Late Foreign Inventions. / Treating Oils for Paint and Varnish. Bank Paper and Ink for Writing. New Material for Pencils.

Scientific American 22, 24.11.1860

Treating Oils for Paint and Varnish. - Drying oils (such as linseed which is employed for painting) become semi-resinous by absorbing oxygen when exposed to the air. In order to render them quick-drying, however, they require to be boiled ofr a considerable period, and some oxydizing agent is incorporated with them. "Boiled oil" which is prepared for painting is very troublesome to manufacture, and the process i quite tedious. An improved mode of treating such oil for making varnishes and for painting has lately been patented by F. Walton, of Denton, England. He takes clear linseed oil, mixes it with about five per cent of acetate of lead, then puts it into a vessel where it is forced by a pump into a great number of small streams, like a shower; then it meets with a current of warm, dry air raised to the temperature of steam heat, when it rapidly absorbs oxygen and acquires the same drying quality of boiled oil, but is much clearer in color and superior for most purposes. Sometimes the air is heated as high as 550° Fah., in order to facilitate the operations.

Bank Paper and Ink for Writing. - A peculiar preparation of paper and ink has lately been patented by J. A. Ballande, of Paris. He introduces into paper pulp about 30 per cent of proto-chloride of mercury (calomel), and the paper is ready for use. An ink is now made with 1,000 grains of alum, 50 grains of salammoniac and 50 grains hyposulphite of soda, mixed with a little gum mucilage. This ink will not become black unless used with paper prepared in the above manner. A dark color is produced when the hyposulphite of soda combines with the calomel; but this would soon fade were it not for the alum and alkaline salt in the ink - these fix it. No chemical means known to M. Ballande can remove the writing produced in this manner, without altering the texture of the paper. It is the best means believed to be yet discovered for precenting the alteration of important signatures, &c., in bank bills and other valuable papers. Any white paper may be sponged on the surface with a dilute solution of calomel, then dried, and is ready for use with the above ink; but the most perfect way of preparing the paper is undoubtedly in the pulp.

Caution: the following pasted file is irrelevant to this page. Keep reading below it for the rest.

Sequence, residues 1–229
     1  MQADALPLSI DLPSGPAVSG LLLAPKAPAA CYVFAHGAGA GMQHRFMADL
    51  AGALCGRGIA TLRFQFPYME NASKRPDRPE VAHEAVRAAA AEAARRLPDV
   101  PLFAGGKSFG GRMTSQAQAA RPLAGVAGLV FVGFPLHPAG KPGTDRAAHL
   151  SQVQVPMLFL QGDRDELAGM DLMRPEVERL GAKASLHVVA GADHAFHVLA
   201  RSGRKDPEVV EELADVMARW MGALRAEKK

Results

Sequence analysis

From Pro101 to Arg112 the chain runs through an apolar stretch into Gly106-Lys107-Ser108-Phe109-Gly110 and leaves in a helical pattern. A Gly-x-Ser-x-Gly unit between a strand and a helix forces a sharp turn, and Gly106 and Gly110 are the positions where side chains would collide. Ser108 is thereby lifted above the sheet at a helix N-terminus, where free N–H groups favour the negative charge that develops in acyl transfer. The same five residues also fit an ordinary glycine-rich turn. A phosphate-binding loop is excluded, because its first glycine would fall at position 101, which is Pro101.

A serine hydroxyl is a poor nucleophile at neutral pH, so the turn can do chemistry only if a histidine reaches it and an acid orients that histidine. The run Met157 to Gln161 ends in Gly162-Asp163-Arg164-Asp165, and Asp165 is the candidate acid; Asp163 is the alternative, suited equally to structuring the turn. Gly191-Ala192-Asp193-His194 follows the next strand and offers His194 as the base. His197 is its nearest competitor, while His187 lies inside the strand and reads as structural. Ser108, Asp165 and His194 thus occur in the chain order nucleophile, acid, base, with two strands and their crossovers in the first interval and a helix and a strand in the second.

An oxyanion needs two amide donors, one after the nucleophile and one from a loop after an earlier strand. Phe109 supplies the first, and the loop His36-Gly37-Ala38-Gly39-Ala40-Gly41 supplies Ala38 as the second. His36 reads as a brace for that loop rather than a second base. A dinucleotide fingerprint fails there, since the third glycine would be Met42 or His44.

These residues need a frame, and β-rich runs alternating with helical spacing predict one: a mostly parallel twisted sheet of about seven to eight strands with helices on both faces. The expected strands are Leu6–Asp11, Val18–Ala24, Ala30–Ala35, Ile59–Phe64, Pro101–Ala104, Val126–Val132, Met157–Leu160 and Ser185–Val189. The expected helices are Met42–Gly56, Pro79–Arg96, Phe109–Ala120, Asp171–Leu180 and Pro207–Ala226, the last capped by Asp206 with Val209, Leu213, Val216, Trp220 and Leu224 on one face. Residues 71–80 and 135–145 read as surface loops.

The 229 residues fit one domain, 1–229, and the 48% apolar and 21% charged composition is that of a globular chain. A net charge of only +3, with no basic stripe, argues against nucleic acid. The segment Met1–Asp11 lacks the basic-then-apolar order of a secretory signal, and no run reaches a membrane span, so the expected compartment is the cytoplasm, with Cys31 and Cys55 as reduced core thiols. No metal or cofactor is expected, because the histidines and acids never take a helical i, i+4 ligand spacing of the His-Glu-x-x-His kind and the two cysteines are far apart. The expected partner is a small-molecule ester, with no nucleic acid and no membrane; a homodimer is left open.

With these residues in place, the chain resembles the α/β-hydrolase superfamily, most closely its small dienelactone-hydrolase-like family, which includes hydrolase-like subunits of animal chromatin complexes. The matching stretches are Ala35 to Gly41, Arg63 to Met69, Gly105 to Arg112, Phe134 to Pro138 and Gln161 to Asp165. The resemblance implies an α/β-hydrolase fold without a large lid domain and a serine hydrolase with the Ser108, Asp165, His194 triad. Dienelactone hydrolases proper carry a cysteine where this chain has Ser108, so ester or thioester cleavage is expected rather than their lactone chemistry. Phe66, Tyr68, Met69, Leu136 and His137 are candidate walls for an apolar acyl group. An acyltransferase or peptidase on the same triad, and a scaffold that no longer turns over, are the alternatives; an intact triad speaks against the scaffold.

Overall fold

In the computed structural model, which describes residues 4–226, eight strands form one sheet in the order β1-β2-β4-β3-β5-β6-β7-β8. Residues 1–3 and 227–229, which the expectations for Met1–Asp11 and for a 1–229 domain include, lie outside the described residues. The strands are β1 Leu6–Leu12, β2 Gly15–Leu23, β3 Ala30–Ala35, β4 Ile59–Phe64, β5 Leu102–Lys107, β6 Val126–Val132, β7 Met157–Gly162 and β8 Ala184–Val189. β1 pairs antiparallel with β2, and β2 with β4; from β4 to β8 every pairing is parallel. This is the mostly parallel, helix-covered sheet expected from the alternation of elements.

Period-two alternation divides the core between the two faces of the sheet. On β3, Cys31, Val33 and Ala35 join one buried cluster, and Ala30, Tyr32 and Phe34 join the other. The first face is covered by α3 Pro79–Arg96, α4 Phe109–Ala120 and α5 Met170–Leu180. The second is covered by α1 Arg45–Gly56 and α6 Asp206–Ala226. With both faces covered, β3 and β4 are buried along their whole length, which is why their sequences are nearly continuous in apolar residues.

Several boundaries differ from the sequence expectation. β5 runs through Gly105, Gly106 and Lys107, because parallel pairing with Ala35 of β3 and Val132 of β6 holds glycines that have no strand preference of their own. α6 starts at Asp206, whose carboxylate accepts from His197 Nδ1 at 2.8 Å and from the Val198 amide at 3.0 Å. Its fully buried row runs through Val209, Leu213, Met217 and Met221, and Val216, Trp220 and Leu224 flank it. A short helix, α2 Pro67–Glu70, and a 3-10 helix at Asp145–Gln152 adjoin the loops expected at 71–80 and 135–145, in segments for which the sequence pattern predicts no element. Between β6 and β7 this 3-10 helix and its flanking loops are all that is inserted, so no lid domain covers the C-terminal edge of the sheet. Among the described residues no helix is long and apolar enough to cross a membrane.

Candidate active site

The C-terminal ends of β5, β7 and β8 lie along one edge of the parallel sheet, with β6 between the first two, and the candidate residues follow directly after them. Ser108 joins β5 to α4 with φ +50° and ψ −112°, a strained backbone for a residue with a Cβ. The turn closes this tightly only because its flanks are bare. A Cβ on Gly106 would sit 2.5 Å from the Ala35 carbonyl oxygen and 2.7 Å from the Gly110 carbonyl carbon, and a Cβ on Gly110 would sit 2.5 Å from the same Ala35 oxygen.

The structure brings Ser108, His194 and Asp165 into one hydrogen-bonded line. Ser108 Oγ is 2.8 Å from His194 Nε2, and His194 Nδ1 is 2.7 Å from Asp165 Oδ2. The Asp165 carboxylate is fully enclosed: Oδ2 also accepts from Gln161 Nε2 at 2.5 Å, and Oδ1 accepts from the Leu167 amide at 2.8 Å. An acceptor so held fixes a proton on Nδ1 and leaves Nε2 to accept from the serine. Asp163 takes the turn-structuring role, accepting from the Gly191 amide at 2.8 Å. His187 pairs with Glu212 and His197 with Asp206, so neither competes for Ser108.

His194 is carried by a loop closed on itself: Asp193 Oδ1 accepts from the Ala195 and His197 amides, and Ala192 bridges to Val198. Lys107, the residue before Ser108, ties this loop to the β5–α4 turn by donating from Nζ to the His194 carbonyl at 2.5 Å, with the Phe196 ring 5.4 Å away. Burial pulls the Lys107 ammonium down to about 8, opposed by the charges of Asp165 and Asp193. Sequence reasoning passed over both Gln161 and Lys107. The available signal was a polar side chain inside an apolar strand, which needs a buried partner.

New Material for Pencils. - Some black lead in powder mixed with india-rubber in solution, a small quantity of lampblack and some finely powdered charcoal, are incorporated together and subjected to great pressure. This forces out all the moisture and reduces the mixture to a hard block, which may be subdivided and cut out into suitable lengths for pencils. A patent has been taken out for this pencil composition by R. J. Cole, of London.

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